Wastewater treatment plants are important reservoirs and sources for the dissemination of antibiotic resistance into the environment. Here, two different groups of carbapenem resistant bacteria—the potentially environmental and the potentially pathogenic—were isolated from both the wastewater influent and discharged effluent of a full-scale wastewater treatment plant and characterized by whole genome sequencing and antibiotic susceptibility testing. Among the potentially environmental isolates, there was no detection of any acquired antibiotic resistance genes, which supports the idea that their resistance mechanisms are mainly intrinsic. On the contrary, the potentially pathogenic isolates presented a broad diversity of acquired antibiotic resistance genes towards different antibiotic classes, especially β-lactams, aminoglycosides, and fluoroquinolones. All these bacteria showed multiple β-lactamase-encoding genes, some with carbapenemase activity, such as the blaKPC-type genes found in the Enterobacteriaceae isolates. The antibiotic susceptibility testing assays performed on these isolates also revealed that all had a multi-resistance phenotype, which indicates that the acquired resistance is their major antibiotic resistance mechanism. In conclusion, the two bacterial groups have distinct resistance mechanisms, which suggest that the antibiotic resistance in the environment can be a more complex problematic than that generally assumed.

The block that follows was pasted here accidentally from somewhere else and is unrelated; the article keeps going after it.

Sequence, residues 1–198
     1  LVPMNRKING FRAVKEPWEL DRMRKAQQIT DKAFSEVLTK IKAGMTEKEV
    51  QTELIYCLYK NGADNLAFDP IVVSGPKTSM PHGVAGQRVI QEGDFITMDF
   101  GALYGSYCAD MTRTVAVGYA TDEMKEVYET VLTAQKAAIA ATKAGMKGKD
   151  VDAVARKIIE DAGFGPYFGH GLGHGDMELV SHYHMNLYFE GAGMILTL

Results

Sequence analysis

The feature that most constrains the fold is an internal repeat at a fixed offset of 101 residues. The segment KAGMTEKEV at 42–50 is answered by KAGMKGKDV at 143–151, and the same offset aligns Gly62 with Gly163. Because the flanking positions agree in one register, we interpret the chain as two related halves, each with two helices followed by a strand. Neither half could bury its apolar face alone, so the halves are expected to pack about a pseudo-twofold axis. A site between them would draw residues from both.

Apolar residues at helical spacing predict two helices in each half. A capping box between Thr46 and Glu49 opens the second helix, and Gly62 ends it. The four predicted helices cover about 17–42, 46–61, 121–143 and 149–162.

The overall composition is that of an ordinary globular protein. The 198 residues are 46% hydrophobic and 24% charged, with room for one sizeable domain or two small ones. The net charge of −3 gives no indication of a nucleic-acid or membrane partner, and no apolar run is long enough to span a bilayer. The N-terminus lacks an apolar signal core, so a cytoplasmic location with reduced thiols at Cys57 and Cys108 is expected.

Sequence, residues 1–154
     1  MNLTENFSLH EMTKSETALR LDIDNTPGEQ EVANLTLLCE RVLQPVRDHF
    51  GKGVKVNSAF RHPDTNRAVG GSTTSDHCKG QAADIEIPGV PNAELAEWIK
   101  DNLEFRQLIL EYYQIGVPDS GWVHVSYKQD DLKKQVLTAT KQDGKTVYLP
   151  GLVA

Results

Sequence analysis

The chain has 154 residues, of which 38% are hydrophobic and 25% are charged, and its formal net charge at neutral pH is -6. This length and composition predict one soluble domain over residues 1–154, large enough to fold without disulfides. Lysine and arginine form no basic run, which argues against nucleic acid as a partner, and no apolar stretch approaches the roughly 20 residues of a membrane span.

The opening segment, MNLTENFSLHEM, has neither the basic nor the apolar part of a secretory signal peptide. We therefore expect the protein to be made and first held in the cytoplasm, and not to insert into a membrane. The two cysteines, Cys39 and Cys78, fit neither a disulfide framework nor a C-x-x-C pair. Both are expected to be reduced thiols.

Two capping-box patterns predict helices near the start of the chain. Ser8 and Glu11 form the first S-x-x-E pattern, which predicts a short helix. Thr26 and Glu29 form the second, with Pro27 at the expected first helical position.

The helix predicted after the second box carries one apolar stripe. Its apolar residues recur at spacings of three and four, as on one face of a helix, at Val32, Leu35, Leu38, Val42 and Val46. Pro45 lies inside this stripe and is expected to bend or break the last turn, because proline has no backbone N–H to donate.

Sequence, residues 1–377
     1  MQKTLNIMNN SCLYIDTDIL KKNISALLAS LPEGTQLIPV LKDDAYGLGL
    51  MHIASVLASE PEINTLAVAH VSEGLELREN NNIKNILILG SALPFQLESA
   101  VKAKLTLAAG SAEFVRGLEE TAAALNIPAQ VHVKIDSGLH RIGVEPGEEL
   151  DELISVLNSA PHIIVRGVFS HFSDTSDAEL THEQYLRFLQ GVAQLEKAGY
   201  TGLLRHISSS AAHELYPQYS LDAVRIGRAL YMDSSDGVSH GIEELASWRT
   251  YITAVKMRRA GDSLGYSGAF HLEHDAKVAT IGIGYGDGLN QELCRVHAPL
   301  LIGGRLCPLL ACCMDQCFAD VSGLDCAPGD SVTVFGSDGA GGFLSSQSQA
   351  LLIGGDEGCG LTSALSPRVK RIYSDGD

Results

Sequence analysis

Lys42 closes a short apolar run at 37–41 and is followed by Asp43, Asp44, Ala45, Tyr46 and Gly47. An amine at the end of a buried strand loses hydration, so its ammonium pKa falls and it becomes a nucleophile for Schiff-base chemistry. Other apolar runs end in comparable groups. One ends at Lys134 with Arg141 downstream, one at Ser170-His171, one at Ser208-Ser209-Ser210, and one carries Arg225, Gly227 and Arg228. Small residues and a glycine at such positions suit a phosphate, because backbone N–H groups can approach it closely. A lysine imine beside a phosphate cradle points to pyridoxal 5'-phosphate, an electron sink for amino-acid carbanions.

- Antibiotic resistance
- Discharged effluents
- Environmental and pathogenic carbapenem resistant bacteria
- Wastewater treatment plants